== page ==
Human Rights Commission
Overview and Function
- The New Hope Human Rights Commission consists of up to 10 members, two of whom may be students attending Independent School District 281. Adult members serve two-year terms, student members serve for one academic year (September 1 to August 31).
- The commission works in partnership with the state department of human rights to secure equal opportunity in housing, employment, public accommodations, public service, and education, and works consistently to improve the human relations climate of the city.
- The commission advises the City Council on human rights laws, issues, policies, and programs.
- At the direction of the City Council, the group develops formal and informal educational opportunities to highlight the federal and state Human Rights Acts and the Americans with Disabilities Act to ensure all citizens have full and equal participation in the affairs of the community. The commission to also provides leadership and acts cooperatively with agencies, organizations, and other human rights commissions to recognize and prevent discrimination and inequalities in the daily life of the city.
- Susan Beaubaire
- Andrea Bejarano-Robinson
- Tanner Berris
- Margaret Flaherty
- Dee Otto
- Michelle Slotto
Agendas and Minutes
2013 Human Rights Essay Contest Winners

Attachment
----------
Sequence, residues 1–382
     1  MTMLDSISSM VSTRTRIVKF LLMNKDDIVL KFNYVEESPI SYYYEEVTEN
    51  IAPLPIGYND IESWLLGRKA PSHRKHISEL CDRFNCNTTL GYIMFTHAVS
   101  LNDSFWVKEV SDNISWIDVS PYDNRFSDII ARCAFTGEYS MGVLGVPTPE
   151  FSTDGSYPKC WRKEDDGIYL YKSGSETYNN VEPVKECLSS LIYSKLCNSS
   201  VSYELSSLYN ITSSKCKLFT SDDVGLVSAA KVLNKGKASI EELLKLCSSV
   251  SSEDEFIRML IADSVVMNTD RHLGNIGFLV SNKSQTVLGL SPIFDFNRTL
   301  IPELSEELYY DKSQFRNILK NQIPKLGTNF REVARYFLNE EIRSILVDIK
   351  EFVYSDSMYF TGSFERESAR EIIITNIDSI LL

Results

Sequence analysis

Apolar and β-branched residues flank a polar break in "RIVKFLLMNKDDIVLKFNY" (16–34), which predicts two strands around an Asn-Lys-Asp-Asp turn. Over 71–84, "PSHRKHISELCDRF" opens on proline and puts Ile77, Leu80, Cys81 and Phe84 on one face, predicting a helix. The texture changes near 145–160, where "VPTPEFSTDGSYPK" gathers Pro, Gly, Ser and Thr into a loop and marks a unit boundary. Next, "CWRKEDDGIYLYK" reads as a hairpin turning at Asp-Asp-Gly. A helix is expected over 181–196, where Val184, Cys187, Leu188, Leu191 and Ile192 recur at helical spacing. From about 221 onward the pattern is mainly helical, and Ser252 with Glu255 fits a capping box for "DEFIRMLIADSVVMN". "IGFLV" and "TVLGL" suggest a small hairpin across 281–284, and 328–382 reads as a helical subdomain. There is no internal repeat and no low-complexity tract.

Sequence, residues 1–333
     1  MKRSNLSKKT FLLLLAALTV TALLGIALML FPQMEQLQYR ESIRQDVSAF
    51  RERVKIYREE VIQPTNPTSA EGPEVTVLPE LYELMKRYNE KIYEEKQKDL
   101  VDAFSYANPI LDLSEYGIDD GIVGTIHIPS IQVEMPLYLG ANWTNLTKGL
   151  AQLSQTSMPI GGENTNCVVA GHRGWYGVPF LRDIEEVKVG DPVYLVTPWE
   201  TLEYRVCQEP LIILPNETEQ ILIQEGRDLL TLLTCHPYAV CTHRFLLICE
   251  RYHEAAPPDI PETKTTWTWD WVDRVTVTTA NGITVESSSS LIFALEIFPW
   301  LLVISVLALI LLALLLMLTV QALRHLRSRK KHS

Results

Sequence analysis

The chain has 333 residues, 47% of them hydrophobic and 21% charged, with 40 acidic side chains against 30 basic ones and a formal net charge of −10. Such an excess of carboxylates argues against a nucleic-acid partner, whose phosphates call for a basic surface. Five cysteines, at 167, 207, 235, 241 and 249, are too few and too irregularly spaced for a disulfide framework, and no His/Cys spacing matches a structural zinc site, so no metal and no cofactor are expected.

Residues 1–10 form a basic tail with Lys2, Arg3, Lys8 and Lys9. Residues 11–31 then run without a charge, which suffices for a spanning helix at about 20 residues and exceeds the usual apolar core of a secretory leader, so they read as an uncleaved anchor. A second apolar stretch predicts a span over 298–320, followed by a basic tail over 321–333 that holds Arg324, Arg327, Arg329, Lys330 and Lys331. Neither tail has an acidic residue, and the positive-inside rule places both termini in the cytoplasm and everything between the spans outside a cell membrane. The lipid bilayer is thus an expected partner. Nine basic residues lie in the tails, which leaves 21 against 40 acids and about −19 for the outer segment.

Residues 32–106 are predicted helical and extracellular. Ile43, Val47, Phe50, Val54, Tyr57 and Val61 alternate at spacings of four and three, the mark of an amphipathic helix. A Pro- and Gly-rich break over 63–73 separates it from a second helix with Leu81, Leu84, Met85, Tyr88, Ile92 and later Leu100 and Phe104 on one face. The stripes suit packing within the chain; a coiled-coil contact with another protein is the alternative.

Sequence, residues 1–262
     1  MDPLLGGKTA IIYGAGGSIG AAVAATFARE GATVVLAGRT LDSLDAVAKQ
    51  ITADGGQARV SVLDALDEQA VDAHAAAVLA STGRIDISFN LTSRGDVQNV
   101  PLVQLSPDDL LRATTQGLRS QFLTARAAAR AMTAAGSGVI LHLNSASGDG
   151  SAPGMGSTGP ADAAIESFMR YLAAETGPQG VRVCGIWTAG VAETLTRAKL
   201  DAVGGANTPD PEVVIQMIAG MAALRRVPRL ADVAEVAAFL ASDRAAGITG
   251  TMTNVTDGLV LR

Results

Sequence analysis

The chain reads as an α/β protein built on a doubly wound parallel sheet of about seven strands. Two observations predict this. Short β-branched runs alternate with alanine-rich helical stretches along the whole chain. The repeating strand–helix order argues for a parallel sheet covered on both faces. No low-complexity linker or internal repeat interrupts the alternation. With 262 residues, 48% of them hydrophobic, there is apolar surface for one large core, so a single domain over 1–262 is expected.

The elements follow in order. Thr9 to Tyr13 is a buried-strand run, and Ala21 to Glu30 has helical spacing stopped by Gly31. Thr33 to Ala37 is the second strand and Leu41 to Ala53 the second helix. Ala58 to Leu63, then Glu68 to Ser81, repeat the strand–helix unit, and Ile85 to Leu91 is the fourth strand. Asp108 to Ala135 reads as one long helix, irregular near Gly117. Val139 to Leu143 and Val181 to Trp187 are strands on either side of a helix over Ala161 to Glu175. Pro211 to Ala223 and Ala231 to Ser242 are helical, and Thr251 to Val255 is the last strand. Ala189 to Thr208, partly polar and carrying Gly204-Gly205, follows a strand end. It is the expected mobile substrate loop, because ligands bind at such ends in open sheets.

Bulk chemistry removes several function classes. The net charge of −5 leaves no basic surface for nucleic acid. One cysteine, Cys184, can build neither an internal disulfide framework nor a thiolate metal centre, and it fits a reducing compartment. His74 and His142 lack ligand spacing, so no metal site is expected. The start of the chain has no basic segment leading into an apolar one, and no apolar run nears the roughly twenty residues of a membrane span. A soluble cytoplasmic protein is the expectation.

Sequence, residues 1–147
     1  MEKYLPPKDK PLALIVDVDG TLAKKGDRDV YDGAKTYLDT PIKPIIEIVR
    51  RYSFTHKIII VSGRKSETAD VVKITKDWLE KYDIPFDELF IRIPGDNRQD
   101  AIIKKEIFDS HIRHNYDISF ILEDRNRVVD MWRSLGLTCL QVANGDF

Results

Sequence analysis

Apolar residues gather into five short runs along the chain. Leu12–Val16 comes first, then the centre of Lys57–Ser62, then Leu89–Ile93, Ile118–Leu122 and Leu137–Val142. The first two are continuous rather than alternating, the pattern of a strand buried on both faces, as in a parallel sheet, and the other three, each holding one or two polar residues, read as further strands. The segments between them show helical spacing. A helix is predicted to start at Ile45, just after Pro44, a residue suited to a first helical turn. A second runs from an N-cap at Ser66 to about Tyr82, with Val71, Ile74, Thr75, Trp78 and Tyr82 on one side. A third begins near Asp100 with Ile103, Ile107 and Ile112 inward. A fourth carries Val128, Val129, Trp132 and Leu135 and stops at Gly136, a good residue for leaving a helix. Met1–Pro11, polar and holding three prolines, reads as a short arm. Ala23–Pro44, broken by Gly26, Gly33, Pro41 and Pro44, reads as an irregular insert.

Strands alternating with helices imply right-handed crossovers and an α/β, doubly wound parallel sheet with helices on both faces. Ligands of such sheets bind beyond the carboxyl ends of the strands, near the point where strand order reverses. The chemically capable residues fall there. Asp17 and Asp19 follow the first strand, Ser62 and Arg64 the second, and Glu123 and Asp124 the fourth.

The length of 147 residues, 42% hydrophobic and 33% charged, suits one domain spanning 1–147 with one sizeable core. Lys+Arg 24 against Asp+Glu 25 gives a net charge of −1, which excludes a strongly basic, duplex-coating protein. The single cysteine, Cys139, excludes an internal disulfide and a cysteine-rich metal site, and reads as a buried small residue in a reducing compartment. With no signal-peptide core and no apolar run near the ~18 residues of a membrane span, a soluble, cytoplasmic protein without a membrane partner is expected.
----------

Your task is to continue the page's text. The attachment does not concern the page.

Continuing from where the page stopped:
The New Hope City Council recognized the winners of the 2013 New Hope Human Rights Essay Contest at its May 13 meeting. More than 200 8th grade students from Plymouth Middle School wrote essays on the theme “As a member in your community, what responsibility do you have to protect human rights in your community? How can you make a change in your community?” The students explained their viewpoint by referencing the Bill of Rights, the Universal Declaration of Human Rights, and/or the Minnesota Human Rights Act.
The essays where reviewed by members of the Human Rights Commission, assisted by council members and Police Department staff. The winners of the contest were Joey Tábora, first place; Allyson Spartz, second place; and Kelsi Rippberger, third place. Sollie Mandel, Jeffrey Onwualu and Greta Peavey received honorable mentions for their essays. All of the winners received a certificate from the New Hope Human Rights Commission, and the first through third place winners read their essays for the City Council. Joey Tábora’s essay was forwarded to the League of Minnesota Human Rights Commission for entry in the statewide contest.
Read the first and second place winning essays
Click on the link below to download a brochure about the New Hope Human Rights Commission